A tax plan where everyone, including the middle-class, wins

President Obama said in the State of the Union that we need the rich to pay a little more. We can do that with a flat tax.

As inevitable as death / Image: DonkeyHotey, used under Flickr Creative Commons license
As inevitable as death / Image: DonkeyHotey, used under Flickr Creative Commons license

WASHINGTON, January 21, 2015 — An important element of President Obama’s State of the Union and the chatter afterward is Federal Income Tax policy.  Everyone wants something, and there seems to be no plan that allows everyone to get what they want.

Or is there? There is a federal income tax plan that will give Obama more revenue to spend on social programs, give Congress the lower tax rates that they deem necessary, give taxpayers the fairness and equity they want, give businesses incentives to expand, bring home the $2 trillion held by U.S. businesses outside of the country, and almost eliminate the corrupt IRS.

The plan is easy to administer, produces no market distortions, increases economic growth, reduces unemployment, helps to alleviate poverty, and reduces income inequality.  It also solves the problem of having capital taxed at a lower rate than labor, and eliminates the need to pay professionals to complete our very complex tax forms. Virtually everyone gets what they want.

READ MORE: The fix for government spending, taxes and economic growth

Here’s the plan: All income above a livable minimum is taxed at a single rate, no matter how that income is earned or used. There are absolutely no deductions for anything.

There are a number of different combinations for pairing the tax rate with the livable minimum, but the most appealing is when the livable minimum is set at twice the poverty level and the single rate tax is set at 15 percent. The corporate rate is also set at 15 percent.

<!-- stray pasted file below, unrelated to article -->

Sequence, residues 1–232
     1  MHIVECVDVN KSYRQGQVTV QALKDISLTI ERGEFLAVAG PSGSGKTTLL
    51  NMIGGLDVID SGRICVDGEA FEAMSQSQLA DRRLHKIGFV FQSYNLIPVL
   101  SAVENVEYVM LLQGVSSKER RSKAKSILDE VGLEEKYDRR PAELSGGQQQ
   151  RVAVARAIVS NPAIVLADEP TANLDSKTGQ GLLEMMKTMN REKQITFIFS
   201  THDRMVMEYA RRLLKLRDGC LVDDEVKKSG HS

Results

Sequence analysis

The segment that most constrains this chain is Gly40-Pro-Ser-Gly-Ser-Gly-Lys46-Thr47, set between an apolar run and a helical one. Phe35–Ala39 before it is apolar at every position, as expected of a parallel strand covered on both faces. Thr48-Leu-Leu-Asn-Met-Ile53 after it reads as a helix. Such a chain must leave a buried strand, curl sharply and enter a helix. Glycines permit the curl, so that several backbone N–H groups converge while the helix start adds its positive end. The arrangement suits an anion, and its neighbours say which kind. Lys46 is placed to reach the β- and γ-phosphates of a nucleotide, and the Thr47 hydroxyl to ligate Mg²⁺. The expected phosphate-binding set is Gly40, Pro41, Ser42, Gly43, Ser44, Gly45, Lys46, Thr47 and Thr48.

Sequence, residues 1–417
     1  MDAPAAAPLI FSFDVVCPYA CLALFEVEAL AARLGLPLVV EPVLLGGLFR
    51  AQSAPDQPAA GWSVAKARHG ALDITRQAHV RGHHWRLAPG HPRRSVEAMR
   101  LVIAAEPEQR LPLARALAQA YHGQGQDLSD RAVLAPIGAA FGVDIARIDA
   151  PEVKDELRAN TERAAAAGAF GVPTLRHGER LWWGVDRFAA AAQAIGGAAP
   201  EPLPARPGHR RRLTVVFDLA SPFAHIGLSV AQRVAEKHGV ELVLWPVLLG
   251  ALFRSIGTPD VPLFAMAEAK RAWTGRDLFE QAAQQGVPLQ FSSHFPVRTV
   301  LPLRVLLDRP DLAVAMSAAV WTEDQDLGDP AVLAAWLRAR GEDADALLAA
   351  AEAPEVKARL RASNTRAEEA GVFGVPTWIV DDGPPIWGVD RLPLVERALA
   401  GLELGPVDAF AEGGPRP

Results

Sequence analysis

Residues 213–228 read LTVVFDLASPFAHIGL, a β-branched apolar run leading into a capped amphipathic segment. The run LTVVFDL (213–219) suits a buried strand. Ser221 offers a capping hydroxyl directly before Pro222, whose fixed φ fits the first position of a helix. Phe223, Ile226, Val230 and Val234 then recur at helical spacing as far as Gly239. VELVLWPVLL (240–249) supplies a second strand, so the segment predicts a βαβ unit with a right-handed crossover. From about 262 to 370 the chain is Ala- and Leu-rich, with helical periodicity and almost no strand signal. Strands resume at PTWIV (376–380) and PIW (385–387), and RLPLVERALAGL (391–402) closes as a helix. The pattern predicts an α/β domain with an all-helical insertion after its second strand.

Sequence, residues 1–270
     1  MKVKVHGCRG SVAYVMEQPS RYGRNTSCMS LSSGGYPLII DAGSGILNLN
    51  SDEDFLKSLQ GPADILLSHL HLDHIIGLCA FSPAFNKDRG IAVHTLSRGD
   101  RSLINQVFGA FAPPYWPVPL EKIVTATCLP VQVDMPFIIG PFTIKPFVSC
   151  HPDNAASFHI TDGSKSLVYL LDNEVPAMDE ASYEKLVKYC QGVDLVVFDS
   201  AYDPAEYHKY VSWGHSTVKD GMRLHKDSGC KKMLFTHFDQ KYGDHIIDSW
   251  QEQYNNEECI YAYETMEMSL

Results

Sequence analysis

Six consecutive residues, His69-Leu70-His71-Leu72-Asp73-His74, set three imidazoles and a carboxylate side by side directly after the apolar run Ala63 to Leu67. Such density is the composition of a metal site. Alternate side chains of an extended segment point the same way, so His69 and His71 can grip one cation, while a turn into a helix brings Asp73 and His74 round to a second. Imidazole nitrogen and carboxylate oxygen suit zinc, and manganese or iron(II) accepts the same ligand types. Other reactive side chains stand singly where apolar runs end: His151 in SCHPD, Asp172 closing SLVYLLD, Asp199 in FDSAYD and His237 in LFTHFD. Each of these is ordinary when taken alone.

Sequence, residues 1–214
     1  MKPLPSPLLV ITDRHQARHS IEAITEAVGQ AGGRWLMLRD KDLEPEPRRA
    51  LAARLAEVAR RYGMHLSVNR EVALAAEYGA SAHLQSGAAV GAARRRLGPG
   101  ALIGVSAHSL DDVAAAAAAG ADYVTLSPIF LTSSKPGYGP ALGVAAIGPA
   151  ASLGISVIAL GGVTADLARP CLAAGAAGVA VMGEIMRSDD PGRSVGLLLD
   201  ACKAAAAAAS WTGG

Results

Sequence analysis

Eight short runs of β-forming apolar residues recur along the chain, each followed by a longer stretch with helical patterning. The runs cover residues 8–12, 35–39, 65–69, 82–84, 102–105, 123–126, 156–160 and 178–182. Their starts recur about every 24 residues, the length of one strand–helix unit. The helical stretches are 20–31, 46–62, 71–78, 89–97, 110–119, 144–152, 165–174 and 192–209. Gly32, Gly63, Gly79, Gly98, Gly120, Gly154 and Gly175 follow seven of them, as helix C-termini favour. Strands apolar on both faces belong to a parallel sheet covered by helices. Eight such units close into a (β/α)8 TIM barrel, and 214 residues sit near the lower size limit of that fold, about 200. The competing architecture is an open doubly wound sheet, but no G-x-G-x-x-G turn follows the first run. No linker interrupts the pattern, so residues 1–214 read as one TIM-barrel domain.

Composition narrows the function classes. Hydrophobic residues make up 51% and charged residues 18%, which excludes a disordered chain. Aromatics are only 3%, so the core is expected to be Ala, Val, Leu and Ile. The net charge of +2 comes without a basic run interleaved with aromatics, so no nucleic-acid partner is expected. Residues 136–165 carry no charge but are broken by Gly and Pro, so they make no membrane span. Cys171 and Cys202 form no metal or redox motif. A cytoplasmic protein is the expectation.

How would that impact a typical family of four?

Suppose the family adds up all income from wages and salaries, rent, interest, profit, capital gains and dividends; the total is $70,000. The livable minimum is $50,000.  They owe tax on $20,000 which amounts to a $3,000 tax bill. The tax return is a simple form that anyone can complete without hiring a professional.

Let’s see how this plan gives everyone what they want.

This plan would generate about $200 billion more revenue annually than the current tax code, giving the President more money to spend on his programs. The lower tax rate would give Congress exactly what they want. Taxpayers would view this as fair since every taxpayer pays exactly fifteen cents of every dollar earned above the livable minimum. High income earners pay more total taxes than middle income earners, but every American pays the same rate.

The corporate tax rate of 15 percent increases profit in the short term and creates more incentive to invest in the long term. It also allows U.S. companies to bring the $2 trillion back to the U.S. The low 15 percent rate may even encourage foreign firms to locate here.

READ MORE: Reviewing the facts, fantasies and fallacies of The State of the Union

The low tax rate would accelerate economic growth, leading to more jobs which reduces unemployment and reduces the number of people relying on government assistance. The greater demand for labor would pull wages up, and the new jobs would reduce poverty as well as income inequality.
All income is taxed at the same rate, so capital and labor at treated exactly the same. Since there are no deductions for anything, no market distortions are created. Everyone wins.

The objection to this plan is that it looks like a tax cut for the wealthy at the expense of everyone else. The reality is that the wealthy currently pay rates lower than 15 percent. During the 2008 election, Warren Buffett asked why his tax rate is lower than his secretary’s; she paid 25 percent and he paid only 13 percent.

Buffett, like all high income earners, employs the most expert tax lawyers and tax accountants whose sole task is to structure his income so that tax liability is minimized. As a result he ends up with a 13 percent rate, or lower, as do many other wealthy people.

The reality is that under this plan, high income earners will pay more taxes.  They won’t mind, though, because this plan frees them to make business decisions based on economic factors rather than tax considerations.

If we fully consider this plan, we will find it is a winner for everyone and we all get what we want.